FIG. 2 shows a right cardiac potential measuring multi-electrode lead 5 as a second electrode member, which is inserted into the right coronary artery to measure intercardiac potentials in the right cardiac tricuspid annulus. Referring to FIG. 2, reference numeral 6 denotes a plurality (12 in this case) of electrodes mounted on the distal end of the right cardiac potential measuring multi-electrode lead 5; 7, signal extraction terminals mounted on the proximal end of the multi-electrode lead 5; and 8, a guide wire for guiding the electrodes 6 into the body. Since the diameter of the right coronary artery is smaller than that of the coronary sinus, it is difficult to insert a multi-electrode lead of a catheter type like the one shown in FIG. 1 into the right coronary artery. For this reason, in order to insert a multi-electrode lead into the right coronary artery, the lead is preferably a multi-electrode lead of a guide wire type like the one shown in FIG. 2. In this case, a multi-electrode lead is formed by the following method. A plurality (12 in this case) of superfine signal lines, each coated with an insulating film in advance, are wound on the surface of a superelastic alloy wire in the form of a coil. Thereafter, portions of the insulating films of these signal lines are stripped off, at positions where the signal lines should serve as electrodes, in such a manner that the resultant electrodes are not in electrical contact with each other.

With the superfine signal wire wound on the superelastic alloy wire 31 as described above, as shown in FIG. 13, the isolating coating of a portion of these twelve wires 20 is stripped by an amount of almost one circumference, exposing the gold-plating layer inside the isolating coating as indicated by reference numeral 33. Consequently, the conductive portion is exposed, and this exposed portion can be used as an intercardiac electrode.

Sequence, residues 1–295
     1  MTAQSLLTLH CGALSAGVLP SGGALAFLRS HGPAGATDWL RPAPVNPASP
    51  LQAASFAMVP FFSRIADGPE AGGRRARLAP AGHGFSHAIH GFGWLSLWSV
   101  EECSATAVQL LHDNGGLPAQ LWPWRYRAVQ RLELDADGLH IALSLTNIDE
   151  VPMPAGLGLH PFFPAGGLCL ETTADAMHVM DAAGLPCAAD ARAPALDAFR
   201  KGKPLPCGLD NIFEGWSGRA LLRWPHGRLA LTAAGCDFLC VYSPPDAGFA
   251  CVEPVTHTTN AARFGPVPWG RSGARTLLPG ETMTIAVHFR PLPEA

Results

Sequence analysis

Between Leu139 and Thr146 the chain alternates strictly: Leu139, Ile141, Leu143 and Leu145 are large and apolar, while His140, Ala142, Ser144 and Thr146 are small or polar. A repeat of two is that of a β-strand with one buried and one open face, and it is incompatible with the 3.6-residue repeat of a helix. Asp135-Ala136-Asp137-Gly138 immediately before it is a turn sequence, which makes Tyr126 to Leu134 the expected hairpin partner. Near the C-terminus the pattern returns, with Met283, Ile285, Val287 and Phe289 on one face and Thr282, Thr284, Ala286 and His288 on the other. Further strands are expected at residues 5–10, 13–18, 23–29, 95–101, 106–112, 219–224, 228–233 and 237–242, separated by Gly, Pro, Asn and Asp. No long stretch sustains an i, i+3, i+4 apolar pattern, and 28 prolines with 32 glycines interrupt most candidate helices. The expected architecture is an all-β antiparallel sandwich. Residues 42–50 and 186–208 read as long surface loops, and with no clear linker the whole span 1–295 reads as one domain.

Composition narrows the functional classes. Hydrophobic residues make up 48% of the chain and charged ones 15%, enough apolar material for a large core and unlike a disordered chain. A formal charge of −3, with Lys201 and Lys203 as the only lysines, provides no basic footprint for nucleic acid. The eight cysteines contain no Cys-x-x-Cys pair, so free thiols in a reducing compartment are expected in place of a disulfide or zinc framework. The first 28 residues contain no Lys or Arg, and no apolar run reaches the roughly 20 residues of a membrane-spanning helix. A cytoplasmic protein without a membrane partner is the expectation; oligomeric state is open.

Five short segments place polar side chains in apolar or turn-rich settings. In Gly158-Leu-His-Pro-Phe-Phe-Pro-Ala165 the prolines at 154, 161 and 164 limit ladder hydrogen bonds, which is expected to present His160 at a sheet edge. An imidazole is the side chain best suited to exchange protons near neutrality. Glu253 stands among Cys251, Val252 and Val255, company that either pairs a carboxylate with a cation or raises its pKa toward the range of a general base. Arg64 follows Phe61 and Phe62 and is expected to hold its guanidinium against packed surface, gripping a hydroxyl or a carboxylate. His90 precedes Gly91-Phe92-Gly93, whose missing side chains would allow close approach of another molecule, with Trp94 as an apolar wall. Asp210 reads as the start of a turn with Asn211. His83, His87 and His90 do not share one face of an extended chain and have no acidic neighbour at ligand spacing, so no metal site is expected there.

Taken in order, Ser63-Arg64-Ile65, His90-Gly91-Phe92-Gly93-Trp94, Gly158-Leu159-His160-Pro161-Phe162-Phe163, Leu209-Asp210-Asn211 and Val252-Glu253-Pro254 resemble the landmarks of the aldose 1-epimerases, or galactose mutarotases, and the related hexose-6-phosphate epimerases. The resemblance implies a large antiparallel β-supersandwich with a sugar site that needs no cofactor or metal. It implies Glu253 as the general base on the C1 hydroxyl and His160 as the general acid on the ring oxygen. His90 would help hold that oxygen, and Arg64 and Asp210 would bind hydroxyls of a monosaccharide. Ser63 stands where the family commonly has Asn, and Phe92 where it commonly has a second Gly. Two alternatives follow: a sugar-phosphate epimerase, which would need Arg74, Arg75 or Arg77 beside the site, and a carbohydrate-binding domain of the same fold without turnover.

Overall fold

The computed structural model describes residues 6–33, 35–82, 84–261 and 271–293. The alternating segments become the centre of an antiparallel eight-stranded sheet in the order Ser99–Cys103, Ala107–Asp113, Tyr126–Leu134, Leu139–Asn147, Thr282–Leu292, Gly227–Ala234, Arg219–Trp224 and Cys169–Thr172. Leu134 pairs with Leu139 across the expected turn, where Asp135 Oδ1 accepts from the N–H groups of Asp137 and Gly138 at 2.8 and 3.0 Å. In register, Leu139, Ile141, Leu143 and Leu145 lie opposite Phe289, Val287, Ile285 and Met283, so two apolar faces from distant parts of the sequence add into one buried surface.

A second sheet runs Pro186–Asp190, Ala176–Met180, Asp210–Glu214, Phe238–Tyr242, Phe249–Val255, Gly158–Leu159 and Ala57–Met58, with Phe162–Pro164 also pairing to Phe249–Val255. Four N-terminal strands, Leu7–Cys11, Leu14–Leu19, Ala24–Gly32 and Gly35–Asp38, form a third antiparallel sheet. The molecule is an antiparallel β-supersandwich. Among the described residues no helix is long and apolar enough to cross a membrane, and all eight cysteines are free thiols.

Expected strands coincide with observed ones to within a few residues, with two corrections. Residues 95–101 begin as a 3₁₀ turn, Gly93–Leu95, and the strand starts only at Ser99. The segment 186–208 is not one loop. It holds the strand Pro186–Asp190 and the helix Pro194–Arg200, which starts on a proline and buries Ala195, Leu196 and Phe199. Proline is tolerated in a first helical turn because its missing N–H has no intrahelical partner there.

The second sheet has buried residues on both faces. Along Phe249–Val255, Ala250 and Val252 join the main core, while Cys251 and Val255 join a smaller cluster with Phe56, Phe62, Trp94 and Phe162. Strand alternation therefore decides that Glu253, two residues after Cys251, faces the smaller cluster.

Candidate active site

By this method, a multi-electrode lead can be obtained, which has a diameter small enough to allow insertion of the lead into the right coronary artery and has electrodes large enough in number to conduct a test.

In this embodiment, the first and second leads 1 and 5 respectively have the 12 electrodes 2 and the 12 electrodes 6. If the number of electrodes of a multi-electrode lead of the catheter or guide wire type increases, the diameter of the multi-electrode lead itself increases, resulting in difficulty in inserting the multi-electrode lead into a vessel. In contrast to this, as the number of electrodes of the multi-electrode lead decreases, the precision of detection of an accessory pathway deteriorates. In this case, therefore, the number of electrodes is set to be 12 in consideration of the size of the heart and the distance between the electrodes.